Only a week following the Ontario election, the political focus has shifted from Toronto back to Ottawa as Prime Minister Stephen Harper does his best to use Parliamentary strategy to bring his party the support and attention it can't get from its policies.
It's a shame that the simple assumption and maintenance of power on Parliament Hill has become the apparent raison' d'etre for the "grey" parties - and garners bigger headlines than real news about the planet's ecology and economy.
Even as 42% Ontario's voters complacently sent Dalton McGuinty's Liberal government back to Queen's Park for four more years of middle-of-the-road management, Australian climate change specialist Tim Flannery made the international news pages with his interpretations of the initial data just released by the International Panel on Climate Change. Flannery concluded that, based on the IPCC evidence, global warming is happening faster than scientists had expected.
Another international report issued last week showed that world economic growth has completely overwhelmed widespread attempts to reduce pollution. And now this week a new national report organized by several government agencies including Environment Canada shows that the same has been true for Canada.
Yet print headlines, editorial commentary and TV news stories in the past week have focused on Ontario's new February holiday and Prime Minister Harper's cynical jockeying for power with Liberal leader Stephane Dion.
The Green Party of Ontario's tripling of its popular vote has barely registered with the mass media. Nor has the Sharbot Lake area Algonquins' legal challenge to Ontario's Mining Act, nor the recent scientific research published in the respected journal Nature indicating that our atmosphere has become significantly more humid in recent years entirely due to increases in temperature as a result of industrial activity.
The biggest problem with the political game from the point of view of an ecologist is that while virtually everyone understands human interactions to some extent, hardly any of us understand our interactions with the rest of the natural world.
How much easier it was this past election for the Green Party of Ontario to get press for its single-public-education-system policy than to put its water policy, energy policy or agricultural policy onto the table. Everyone in Ontario has been to school - but how many of us have any idea how much energy, water or food we consume, let alone the complex biological and ecological transformations needed to bring those commodities to us?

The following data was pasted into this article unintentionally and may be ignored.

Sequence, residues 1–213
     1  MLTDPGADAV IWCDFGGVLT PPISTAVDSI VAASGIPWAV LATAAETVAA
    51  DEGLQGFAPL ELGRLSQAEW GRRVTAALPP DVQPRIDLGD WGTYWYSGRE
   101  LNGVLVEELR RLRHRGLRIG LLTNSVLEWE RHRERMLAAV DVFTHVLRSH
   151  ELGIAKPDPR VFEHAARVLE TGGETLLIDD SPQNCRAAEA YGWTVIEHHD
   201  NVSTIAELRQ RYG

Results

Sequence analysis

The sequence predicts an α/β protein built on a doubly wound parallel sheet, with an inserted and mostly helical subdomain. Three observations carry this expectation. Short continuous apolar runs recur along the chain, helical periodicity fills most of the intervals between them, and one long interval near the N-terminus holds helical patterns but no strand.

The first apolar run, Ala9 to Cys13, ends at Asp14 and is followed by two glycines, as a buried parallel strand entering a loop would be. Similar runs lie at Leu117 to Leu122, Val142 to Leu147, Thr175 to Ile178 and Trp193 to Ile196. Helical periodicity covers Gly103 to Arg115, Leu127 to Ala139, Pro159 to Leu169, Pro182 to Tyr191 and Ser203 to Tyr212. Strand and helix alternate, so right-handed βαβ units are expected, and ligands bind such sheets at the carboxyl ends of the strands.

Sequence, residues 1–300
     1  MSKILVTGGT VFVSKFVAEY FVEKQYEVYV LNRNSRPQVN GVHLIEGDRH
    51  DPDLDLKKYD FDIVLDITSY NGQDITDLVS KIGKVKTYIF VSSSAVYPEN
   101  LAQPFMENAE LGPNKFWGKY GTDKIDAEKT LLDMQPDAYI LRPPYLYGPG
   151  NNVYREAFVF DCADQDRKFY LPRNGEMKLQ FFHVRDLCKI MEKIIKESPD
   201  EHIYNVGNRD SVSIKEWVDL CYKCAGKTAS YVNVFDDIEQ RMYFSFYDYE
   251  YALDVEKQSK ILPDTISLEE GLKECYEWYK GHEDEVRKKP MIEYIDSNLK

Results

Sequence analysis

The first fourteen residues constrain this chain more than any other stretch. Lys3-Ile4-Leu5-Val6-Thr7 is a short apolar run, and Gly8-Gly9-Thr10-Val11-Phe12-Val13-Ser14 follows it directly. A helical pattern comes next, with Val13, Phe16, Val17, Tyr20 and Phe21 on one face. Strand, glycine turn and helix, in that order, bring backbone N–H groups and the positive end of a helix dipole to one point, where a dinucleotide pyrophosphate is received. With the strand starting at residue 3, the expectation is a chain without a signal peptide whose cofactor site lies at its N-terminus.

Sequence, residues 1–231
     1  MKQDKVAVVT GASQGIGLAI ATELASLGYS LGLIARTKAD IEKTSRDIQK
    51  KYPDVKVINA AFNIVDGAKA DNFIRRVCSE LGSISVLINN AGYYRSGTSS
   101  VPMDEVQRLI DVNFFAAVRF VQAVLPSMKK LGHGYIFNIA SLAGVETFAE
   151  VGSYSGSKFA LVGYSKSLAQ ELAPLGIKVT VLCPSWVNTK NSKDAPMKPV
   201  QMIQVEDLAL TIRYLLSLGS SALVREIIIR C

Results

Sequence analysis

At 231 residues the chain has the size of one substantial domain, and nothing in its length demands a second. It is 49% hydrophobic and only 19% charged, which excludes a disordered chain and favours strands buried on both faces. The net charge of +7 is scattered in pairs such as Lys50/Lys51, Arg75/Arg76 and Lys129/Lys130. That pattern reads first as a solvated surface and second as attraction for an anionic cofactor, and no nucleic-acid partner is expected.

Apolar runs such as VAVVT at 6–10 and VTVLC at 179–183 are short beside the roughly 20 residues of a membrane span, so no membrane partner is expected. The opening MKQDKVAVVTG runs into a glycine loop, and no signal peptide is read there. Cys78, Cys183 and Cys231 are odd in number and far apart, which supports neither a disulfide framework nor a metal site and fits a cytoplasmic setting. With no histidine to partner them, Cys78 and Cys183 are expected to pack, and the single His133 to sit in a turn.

The Mixed-Member Proportional system proposed by the Citizens' Assembly was recommended in part because it provides a way for those few people who understand ecology to have their voices count at Queen's Park. Sadly, it seems from the initial data on the referendum that people mainly voted for or against MMP solely on the basis of what benefit it would have for the party they supported. MMP passed the 60% approval mark only in Toronto ridings home to large numbers of NDP supporters, for example. One can imagine that Green supporters also voted in favour of MMP, while Liberal and Conservative supporters did not.
It would appear that holding the referendum in conjunction with the election promotes this kind of partisan approach to decision-making, which is utterly at odds with the intent of the reform. The Liberal strategists who recommended holding the referendum in conjuction with the election have proved themselves adept at manipulating the electorate, but at what cost?
Meanwhile, the PCs told their supporters outright not to vote in favour of MMP, mainly because the party hopes to benefit from the current system of disproportional representation at some future election. The irony here is that, if MMP had already been implemented, the PCs would have received more proportional seats than any other party given the results of last week's election.
There is a great need for strategic thinking in this time of global ecological crisis. Unfortunately, the kinds of strategy we need to adopt don't have anything to do with the manipulation of one another that we're so familar with, but with coming up with new and better ways to interact with our ecology so that we don't wear out our welcome on this earth in short order.
Thankfully, the Green Party of Canada's leadership understands this necessity clearly, and has come out strongly with its own version of strategic thinking to counter the Prime Minister's shallow Throne Speech. The "green vision" document, now available on the GPC website at www.greenparty.ca, outlines some real strategic thinking directed at more than petty power games.
In the coming days I'll review the referendum in more detail, and also compare the innovative GPO and GPC policies with their Liberal and Conservative counterparts.